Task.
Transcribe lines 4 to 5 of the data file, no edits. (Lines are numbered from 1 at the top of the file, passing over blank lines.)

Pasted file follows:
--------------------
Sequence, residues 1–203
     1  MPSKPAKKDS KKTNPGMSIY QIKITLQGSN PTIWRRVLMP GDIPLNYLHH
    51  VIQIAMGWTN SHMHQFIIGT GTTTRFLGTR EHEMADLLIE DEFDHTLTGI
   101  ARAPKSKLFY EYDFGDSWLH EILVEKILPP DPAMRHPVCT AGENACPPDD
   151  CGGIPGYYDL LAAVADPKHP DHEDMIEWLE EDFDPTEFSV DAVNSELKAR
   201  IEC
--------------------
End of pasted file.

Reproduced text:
   101  ARAPKSKLFY EYDFGDSWLH EILVEKILPP DPAMRHPVCT AGENACPPDD
   151  CGGIPGYYDL LAAVADPKHP DHEDMIEWLE EDFDPTEFSV DAVNSELKAR